Kerberos is licensed under terms which are too generous and too open
to abuse, particularly in a climate in which embrace-and-extend
"innovation" -- hostile hijacking of open standards -- is common
"competitive" practice. The protocol is currently in danger of being
splintered and rendered meaningless by the self-serving actions of
Microsoft. Closer attention to how standards are established in the
free software community is called for.
There are three general tools available in
- copyright: controlling specific expression -- words, sounds,
visual art, performances, software. The expression and only the
expression are covered. Copyright doesn't extend to ideas expressed,
facts, or methods, and has been specifically limited from attempts to
extend it in this direction by court decisions.
- patent: controlling ideas. A particular method, process, or device,
may be patented. Patent doesn't govern discussion of a device (you're
welcome to discuss issues of a patent), it controls embodiment, trade,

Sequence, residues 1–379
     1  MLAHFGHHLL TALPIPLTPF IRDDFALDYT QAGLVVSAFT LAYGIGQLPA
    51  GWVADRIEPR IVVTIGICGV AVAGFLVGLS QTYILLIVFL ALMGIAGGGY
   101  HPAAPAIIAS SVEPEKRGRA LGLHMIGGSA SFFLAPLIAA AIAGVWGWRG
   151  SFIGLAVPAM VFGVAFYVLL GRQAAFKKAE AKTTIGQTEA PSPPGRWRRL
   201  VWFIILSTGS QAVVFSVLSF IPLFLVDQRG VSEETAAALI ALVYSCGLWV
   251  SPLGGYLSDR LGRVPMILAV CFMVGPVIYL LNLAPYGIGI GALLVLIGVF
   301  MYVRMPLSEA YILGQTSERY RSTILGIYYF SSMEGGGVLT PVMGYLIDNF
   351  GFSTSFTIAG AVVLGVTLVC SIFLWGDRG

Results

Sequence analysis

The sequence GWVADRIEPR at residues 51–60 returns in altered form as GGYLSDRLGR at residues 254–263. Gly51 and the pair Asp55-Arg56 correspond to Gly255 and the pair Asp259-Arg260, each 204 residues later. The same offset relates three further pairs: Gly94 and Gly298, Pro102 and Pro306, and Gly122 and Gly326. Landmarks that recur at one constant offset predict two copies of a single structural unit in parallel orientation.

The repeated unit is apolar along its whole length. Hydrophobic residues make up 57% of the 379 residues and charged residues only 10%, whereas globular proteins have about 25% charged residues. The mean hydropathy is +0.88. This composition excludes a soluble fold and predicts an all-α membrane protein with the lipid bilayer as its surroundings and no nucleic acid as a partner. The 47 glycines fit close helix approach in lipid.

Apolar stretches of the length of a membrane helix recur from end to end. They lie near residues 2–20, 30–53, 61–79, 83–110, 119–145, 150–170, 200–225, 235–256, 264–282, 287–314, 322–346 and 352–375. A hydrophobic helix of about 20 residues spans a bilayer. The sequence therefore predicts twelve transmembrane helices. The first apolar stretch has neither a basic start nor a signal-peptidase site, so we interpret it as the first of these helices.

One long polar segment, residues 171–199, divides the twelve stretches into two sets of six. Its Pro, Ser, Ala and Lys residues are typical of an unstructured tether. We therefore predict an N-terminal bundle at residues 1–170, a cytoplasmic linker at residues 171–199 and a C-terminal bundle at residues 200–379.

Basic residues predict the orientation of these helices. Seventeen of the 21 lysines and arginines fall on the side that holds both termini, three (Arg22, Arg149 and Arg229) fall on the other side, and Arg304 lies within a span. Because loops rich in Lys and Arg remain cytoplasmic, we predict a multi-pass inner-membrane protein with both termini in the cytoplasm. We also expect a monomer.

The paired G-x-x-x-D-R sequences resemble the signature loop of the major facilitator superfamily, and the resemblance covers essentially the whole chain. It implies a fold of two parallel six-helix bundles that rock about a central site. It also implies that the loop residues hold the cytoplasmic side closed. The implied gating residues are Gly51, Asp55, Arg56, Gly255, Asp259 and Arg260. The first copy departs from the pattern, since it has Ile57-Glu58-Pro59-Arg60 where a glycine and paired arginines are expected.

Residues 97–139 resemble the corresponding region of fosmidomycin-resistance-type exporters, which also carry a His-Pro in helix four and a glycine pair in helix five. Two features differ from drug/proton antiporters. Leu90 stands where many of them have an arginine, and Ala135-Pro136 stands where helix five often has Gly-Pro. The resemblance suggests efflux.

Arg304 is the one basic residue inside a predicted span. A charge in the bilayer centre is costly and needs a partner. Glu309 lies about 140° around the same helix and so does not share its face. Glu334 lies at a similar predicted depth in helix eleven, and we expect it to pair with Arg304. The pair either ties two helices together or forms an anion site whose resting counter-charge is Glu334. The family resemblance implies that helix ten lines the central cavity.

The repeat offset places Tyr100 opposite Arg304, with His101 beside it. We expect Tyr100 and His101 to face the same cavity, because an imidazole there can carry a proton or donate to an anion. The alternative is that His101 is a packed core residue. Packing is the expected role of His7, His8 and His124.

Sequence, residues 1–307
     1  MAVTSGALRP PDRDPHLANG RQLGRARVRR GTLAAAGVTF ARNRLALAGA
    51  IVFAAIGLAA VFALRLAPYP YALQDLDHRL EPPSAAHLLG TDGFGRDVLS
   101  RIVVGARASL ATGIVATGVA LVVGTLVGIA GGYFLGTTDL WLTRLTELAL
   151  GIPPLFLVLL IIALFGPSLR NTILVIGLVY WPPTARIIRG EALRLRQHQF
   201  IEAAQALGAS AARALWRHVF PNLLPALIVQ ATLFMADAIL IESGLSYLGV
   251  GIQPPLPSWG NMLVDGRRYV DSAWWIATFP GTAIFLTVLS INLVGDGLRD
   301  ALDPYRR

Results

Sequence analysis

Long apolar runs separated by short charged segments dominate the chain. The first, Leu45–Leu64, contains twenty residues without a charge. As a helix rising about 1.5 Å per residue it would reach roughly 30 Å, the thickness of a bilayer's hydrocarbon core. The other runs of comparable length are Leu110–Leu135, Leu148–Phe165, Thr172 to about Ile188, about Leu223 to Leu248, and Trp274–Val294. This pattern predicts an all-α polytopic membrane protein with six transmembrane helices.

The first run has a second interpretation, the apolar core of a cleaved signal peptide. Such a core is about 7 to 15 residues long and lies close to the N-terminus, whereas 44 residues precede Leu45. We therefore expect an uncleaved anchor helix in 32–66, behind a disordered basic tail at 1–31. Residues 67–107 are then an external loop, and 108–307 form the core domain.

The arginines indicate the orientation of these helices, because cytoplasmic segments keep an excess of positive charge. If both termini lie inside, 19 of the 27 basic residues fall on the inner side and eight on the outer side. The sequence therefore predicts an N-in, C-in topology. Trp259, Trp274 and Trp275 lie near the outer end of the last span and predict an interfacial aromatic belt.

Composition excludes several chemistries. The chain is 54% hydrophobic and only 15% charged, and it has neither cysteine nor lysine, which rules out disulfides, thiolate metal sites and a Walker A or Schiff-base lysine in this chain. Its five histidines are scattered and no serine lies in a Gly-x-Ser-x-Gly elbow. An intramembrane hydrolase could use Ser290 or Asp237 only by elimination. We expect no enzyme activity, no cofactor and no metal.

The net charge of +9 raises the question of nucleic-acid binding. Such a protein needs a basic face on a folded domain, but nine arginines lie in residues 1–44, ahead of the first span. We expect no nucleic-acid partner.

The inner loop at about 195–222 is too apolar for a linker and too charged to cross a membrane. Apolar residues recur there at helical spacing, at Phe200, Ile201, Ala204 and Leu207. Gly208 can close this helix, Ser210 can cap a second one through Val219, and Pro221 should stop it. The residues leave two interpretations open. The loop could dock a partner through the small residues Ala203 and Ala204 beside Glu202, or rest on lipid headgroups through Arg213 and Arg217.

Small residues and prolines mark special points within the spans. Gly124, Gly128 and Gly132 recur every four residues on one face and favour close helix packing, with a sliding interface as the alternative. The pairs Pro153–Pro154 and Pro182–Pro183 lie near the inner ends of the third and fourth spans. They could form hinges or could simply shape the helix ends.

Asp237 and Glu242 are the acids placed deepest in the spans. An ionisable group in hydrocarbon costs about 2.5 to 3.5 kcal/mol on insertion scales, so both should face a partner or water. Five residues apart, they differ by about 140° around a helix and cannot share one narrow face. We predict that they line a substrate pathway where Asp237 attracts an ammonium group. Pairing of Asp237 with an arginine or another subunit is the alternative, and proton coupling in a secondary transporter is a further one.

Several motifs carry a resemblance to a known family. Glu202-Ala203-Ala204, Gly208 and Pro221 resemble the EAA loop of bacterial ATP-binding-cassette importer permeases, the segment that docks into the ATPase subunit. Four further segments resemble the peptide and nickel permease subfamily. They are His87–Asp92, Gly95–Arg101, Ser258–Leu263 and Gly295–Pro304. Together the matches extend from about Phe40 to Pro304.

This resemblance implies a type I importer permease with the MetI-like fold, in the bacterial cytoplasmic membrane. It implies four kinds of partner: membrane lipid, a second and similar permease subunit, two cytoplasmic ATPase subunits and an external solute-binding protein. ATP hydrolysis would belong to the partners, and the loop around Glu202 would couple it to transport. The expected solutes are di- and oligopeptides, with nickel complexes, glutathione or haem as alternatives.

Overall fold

and use in commerce.
- trademark and certification mark: controlling
use of distinguishing marks in trade, including slogans, logos, art, and
"trade dress" -- such as the shape of a Coke bottle, the sound of a
Harley-Davidson motorcycle, the shape of a Ferrari automobile, and Kodak
The problem in the free software community is that we've adopted an
"our tool is a hammer and the world is a nail" approach to intellectual
property. The focus is on copyright licensing terms, inspired by the
success of the GNU GPL, BSD, and MIT licenses. Patents are almost
universally decried as an evil abomination on the face of software ,
and trademark is virtually ignored, except to the extent companies don't
wish to lose control of existing brands. We keep trying to pound our IP
nails with our copyright license hammers, and get frustrated when the
nails get bent, or refuse to drive home.
Protocols, such as Kerberos, are best addressed with a combined
patent and trademark strategy.
Patents, while not sufficient to protect the definition of a protocol
as a whole, could be applied to specific processes or methods utilized by
the protocol. These patents could be used to enforce compliance under
pain of withholding patent licenses from non-compliant implementations.
This is a powerful and blunt instrument, and relies very strongly on
the integrity of the patent-holding authority. OTOH, if this authority
is a patent pooling organization, it is under fairly tight antitrust